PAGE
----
U.S. senators have introduced a resolution saying genocide is taking place in Sudan. They hope the measure will spur the international community and the Bush administration to do more to respond to the violence and humanitarian crisis in Sudan's western Darfur region.
Senator Sam Brownback, a Kansas Republican, is chief sponsor of the resolution.
He says the Sudanese government is not living up to its commitments to disarm government-backed Arab militias, blamed for waging a campaign of ethnic cleansing in Darfur.
Mr. Brownback, who recently visited the region and saw burnt and pillaged villages and talked with victims, is concerned that what happened in Rwanda a decade ago, is being repeated in Sudan. He hopes his resolution will spur international action.
"Unlike Rwanda, where afterwards we pronounced genocide after 800,000 died, here is a chance for the international community to step in and stop the deaths," he said. "If we will act decisively and now, we can stop hundreds of thousands of people from dying. If we do not, they will die."
Senator Brownback says reports from the area indicate little has changed in the region in the two weeks since he returned from his trip, despite promises from Khartoum to reign in the militias known as the Janjaweed.
He says he hopes the Senate will vote on his resolution before it goes on recess at the end of the month.
"What this resolution does is to add the political pressure on everyone. It requires the United Nations to take decisive and necessary action," Mr. Brownback. "Any country on the Security Council that opposes or thwarts actions that the U.N. might wish to take under chapter seven of its charter, will, in effect, have approved of the genocide occurring in Sudan, or worse yet, just not care.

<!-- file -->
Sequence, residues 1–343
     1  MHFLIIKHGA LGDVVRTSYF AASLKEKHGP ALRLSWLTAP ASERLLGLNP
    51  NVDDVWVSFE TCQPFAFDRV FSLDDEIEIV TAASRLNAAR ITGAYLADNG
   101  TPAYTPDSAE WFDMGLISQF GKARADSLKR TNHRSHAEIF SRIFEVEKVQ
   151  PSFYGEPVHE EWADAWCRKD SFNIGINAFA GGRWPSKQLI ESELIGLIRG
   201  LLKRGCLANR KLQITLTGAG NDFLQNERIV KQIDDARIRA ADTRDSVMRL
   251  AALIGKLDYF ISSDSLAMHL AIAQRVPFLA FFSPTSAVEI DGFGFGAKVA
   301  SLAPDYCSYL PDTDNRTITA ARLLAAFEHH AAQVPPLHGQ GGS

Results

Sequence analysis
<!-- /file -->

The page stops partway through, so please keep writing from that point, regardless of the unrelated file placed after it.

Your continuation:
"Those nations will be on notice. More importantly, Sudan itself will be on notice," he continued. "It will become a pariah among nations, and will carry the shame of doing nothing to prevent the wanton murder of its own people, even participating in it."
"Rape and murder are used as deliberate tools of policy, ethnic cleansing and ethnic conversion. This must stop," said Senator Jon Corzine, a New Jersey Democrat, who is a co-sponsor of the measure.
A similar resolution is being considered by the House of Representatives.
But the U.S. State Department has stopped short of calling the situation in Darfur genocide, describing it as ethnic cleansing instead.
The United States has called on the United Nations to prepare a resolution that would sanction militia leaders and possibly the Sudanese government.
The violence in Darfur, which began last year, has killed at least 10,000 people and displaced one million others.